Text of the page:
High Court Hears Arguments on Abortion Pill Rules

High Court Hears Arguments on Abortion Pill Rules

The Supreme Court heard oral arguments Tuesday in a case challenging the Food and Drug Administration’s relaxation of rules that govern how abortion-causing drugs are given and accessed.

The abortion drug mifepristone has been legally available in the United States since FDA approval in 2000. The FDA, in 2016 and 2021 under Presidents Obama and Biden, removed what pro-life advocates and some doctors argue were medically valid safeguards in order to increase access to the abortion drug regimen of mifepristone and its companion drug, misoprostol.

With those safeguards removed, women can access the abortion drugs by mail delivery and without in-person medical visits. Further, the abortion pills are legally available at 10 weeks’ gestation, up from six weeks when the FDA first approved mifepristone in 2000.

Pro-life groups, along with the respondents in the case, four doctors and four medical associations led by the Alliance for Hippocratic Medicine, have argued the relaxed FDA standards put more women at risk of serious complications.

Erin Hawley, a senior counsel at Alliance Defending Freedom, which represented the groups of Christian physicians and health care workers including emergency room doctors who deliver babies, told the court that the FDA in 2021 “approved abortion by mail based on data it admitted was not adequate” and violated legal requirements in doing so.

“FDA’s outsourcing of abortion drug harm to [the] respondent doctors forces them to choose [in emergency room situations] between helping a woman with a life-threatening condition and violating their conscience. This hostage choice is intolerable,” argued Hawley, a law professor and the wife of Sen. Josh Hawley (R-Missouri).

“On the merits, FDA failed to comply with basic APA [Administrative Procedure Act] requirements. In 2021, it eliminated the initial in-person visit based on data it says elsewhere is unreliable,” Hawley added. “And in 2016, it failed to consider or explain the cumulative effect of its wholesale removal of safeguards. These actions fall far short of what the APA requires and this court should affirm.”

Meanwhile, the government’s solicitor general and attorneys for the abortion drug manufacturer Danco questioned whether the respondents in the case had proper legal grounds to challenge the FDA’s policies because they offered no specific instances where they were forced to participate in abortions.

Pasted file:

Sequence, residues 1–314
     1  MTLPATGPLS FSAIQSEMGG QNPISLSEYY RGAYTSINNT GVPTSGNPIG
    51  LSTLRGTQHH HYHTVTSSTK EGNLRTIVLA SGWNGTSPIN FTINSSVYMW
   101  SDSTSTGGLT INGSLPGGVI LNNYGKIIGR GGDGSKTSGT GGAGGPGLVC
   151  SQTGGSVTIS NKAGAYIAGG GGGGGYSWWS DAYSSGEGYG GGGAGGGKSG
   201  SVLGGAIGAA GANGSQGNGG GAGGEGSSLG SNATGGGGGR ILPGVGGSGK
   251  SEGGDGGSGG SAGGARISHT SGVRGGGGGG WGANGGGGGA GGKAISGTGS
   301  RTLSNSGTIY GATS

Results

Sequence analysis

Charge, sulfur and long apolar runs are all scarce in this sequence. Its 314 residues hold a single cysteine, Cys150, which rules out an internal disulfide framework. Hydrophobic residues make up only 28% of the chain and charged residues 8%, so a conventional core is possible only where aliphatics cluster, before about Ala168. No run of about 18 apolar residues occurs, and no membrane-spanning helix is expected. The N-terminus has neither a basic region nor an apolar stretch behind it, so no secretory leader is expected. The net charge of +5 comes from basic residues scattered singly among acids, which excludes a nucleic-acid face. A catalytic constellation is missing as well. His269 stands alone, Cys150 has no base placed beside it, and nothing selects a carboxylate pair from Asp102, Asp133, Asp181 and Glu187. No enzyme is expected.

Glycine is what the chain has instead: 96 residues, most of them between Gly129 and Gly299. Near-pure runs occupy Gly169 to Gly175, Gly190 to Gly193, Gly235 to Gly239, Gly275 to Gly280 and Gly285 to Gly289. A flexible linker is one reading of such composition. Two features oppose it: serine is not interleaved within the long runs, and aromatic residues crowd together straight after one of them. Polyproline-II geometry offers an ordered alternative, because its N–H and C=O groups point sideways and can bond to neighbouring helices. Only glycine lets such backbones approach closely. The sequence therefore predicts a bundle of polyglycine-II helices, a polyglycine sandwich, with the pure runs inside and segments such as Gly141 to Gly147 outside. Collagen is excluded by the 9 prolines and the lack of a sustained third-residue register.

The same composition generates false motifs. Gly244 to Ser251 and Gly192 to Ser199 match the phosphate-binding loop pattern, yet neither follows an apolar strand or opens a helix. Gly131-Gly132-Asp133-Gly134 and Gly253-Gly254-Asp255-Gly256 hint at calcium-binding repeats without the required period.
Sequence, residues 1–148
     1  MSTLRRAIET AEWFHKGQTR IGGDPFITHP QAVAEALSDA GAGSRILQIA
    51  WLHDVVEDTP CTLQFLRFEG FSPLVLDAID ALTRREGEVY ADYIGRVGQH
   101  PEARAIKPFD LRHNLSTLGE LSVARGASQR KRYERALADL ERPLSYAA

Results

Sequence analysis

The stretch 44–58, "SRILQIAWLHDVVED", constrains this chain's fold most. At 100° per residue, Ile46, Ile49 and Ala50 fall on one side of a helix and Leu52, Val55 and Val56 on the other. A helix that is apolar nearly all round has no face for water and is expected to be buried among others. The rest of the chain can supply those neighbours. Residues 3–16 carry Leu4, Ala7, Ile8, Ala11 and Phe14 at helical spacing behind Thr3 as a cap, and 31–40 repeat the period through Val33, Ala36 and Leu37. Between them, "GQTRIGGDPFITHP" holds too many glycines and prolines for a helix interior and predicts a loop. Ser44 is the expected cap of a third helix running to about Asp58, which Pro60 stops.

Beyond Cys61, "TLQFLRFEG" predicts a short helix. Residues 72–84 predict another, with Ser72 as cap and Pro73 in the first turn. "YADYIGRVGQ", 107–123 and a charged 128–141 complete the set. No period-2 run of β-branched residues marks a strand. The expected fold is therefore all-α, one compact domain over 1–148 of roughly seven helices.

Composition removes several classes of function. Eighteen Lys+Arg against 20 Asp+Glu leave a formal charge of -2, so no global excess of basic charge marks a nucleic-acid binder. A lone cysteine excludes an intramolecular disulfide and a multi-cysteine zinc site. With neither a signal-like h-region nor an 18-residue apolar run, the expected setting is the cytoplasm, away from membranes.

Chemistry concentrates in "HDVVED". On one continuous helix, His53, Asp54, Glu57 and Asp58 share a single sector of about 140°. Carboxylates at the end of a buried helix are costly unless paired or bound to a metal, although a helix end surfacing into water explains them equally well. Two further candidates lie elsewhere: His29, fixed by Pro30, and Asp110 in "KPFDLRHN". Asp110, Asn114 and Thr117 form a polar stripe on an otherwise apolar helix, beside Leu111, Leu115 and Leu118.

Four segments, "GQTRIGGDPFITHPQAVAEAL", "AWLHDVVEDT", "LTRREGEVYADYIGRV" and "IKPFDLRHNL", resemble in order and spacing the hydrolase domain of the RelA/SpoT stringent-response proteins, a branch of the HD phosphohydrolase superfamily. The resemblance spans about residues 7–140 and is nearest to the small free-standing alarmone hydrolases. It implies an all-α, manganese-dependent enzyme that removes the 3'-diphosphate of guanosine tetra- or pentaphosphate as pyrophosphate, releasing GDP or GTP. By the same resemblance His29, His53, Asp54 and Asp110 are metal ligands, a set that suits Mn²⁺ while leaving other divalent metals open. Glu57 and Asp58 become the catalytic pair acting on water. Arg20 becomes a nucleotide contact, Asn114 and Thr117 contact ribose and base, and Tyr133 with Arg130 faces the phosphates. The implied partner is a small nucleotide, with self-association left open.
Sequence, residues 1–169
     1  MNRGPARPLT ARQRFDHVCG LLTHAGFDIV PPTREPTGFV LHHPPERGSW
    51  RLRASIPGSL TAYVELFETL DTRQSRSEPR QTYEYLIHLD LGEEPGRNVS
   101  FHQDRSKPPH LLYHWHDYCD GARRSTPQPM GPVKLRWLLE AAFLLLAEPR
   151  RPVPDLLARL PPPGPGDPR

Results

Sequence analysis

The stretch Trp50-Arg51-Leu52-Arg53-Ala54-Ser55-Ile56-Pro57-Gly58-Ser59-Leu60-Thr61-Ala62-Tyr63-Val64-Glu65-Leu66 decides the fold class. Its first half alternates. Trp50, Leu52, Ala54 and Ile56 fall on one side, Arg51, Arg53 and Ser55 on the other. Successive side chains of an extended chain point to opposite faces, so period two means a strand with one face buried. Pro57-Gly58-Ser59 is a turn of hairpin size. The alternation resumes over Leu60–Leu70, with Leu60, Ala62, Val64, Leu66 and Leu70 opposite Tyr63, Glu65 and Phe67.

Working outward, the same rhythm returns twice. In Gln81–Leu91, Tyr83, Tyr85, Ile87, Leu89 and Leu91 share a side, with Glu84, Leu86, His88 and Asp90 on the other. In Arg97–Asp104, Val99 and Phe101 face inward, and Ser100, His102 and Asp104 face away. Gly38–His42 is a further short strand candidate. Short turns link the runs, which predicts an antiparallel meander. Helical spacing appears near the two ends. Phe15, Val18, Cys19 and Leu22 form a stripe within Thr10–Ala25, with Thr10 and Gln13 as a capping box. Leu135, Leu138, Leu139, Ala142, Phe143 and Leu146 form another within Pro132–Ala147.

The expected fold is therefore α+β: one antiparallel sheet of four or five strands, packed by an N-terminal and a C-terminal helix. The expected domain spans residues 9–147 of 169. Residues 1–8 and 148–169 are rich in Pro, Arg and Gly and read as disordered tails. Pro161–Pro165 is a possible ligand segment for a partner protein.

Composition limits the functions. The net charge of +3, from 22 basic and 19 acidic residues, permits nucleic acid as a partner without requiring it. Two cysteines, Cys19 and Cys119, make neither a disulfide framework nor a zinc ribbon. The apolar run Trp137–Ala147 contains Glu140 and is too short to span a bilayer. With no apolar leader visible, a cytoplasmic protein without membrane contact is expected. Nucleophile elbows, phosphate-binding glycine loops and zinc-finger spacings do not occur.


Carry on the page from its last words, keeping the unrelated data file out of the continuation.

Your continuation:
Several commentators observed that the question of legal standing seemed to resonate among several justices from both the conservative and liberal sides of court, though no justice said as much outright.

During oral arguments, Hawley sought to dispel such notions, stating that the FDA relies on “O.B. hospitalists to care for women harmed by abortion drugs. … The FDA concedes that between 2.9% and 4.6% of women [using the drug regimen] will end up in the emergency room. And … the FDA acknowledges that women are even more likely to need surgical intervention and other medical care without an in-person visit.”

Hawley added, “Ruling against respondents on standing here would allow federal agencies to conscript nonregulated parties into violating their consciences and suffering other harms without judicial recourse.”

When the FDA approved mifepristone in 2000, it was over objections from pro-life advocates and some physicians that the drug posed too many health risks. In 2016, the FDA under Obama expanded accessibility of mifepristone but also eliminated the requirement that health-care providers report non-fatal complications, or “adverse effects.” Because of this, pro-life groups have argued that such complications are under-reported.

At one point, Justice Samuel Alito seemed to question the wisdom of the FDA’s 2016 decision to stop requiring the reporting of non-fatal complications as he questioned the attorney for Danco.

“Why would [reporting] be a bad thing?” Alito asked. “Wouldn’t your company—you don’t want to sell a product that—that causes very serious harm to the people who take your product, relying on your tests and the FDA’s tests. Wouldn’t you want … that data?”

Another question in the case is whether delivery of abortion drugs by mail violates an 1873 law still on the books, the Comstock Act. That law forbade postal delivery of obscene materials, which included pornography but also substances that cause abortion. In 1971, Congress amended the act to allow the mailing of contraceptives.

In April 2023, U.S. District Judge Matthew Kacsmaryk ruled that the FDA approved the drug despite “legitimate safety concerns.” His ruling sought to suspend the FDA’s initial approval of mifepristone in 2002 and subsequent rulings relaxing rules on its use and availability.

In August, the U.S. 5th Circuit Court of Appeals, based in New Orleans, ruled that too much time had passed for the respondents to challenge the FDA’s approval of mifepristone, but it did uphold Kacsmaryk’s judgments on the FDA’s decisions in 2016 and 2021, ruling that the FDA must restore the safeguards around chemical abortion drugs and prohibit their shipment by mail to protect the health and safety of women.

The high court is expected to announced a ruling by late June or early July.

Photo: Dalibor Brlek / Alamy Stock Photo

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